People moved on, and so did I., my first anime obsessions.
I also went through several different screennames during the '90s, as my family hopped between free trials on America Online, Prodigy and countless other early internet services.
All of my school friends were there, but most importantly, so were my online friends.
These were people I never met in person, but I still somehow ended up spending hours chatting with them about anime, video games and the ennui of being a '90s kid.
And aside from the away message, there just isn't really a better example of something that neatly and concisely depicts the often mortifying process of navigating through your teens.
It was my first taste of true independence, having spent all my life under the roof (and watchful eyes) of my parents.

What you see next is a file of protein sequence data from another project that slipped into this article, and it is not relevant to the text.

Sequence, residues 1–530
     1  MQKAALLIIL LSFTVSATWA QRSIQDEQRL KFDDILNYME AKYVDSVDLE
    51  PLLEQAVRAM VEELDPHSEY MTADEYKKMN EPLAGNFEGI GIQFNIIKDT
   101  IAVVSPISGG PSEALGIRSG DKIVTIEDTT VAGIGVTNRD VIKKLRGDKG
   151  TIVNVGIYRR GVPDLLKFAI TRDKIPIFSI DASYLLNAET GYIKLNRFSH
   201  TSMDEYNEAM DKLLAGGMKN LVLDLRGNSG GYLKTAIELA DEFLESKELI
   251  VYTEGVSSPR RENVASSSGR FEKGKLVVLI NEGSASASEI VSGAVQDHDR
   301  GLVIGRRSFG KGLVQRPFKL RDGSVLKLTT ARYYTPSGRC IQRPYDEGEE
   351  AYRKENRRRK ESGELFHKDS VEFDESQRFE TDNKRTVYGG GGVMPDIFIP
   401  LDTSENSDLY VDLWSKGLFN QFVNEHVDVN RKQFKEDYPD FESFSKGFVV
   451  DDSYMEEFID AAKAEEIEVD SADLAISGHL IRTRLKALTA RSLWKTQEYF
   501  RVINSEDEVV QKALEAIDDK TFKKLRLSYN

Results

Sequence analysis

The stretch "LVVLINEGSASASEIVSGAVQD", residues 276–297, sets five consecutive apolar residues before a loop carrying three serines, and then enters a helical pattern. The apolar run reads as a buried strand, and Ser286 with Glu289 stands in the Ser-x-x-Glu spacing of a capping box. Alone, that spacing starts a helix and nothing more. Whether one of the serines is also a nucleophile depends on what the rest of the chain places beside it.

But around 2010 AIM's popularity started to decline. Now the OG of instant messaging apps is being put out to pasture. But first the Engadget staff wanted to give it a proper send off.
The news of AIM's demise initially brought on a moment of nostalgia and a twinge of sadness.
Eventually, I settled on "bokunotenken," a reference to the anime series .
Once AIM launched as a separate app in 1997, it became more useful as a way to chat with people across the web, no matter their ISP.